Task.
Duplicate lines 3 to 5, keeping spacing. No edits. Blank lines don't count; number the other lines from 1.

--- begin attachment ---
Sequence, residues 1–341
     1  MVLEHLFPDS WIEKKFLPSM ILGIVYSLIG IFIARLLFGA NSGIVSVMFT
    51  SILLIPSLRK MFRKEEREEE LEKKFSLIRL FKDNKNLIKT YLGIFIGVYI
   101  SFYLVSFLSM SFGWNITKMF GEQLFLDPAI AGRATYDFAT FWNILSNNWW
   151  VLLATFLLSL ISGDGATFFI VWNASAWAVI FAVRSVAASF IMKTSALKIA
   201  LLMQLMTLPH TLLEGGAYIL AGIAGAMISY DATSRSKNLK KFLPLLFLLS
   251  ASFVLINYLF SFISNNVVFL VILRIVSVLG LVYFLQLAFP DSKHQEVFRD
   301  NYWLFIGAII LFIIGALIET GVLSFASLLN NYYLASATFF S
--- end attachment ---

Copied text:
    51  SILLIPSLRK MFRKEEREEE LEKKFSLIRL FKDNKNLIKT YLGIFIGVYI
   101  SFYLVSFLSM SFGWNITKMF GEQLFLDPAI AGRATYDFAT FWNILSNNWW
   151  VLLATFLLSL ISGDGATFFI VWNASAWAVI FAVRSVAASF IMKTSALKIA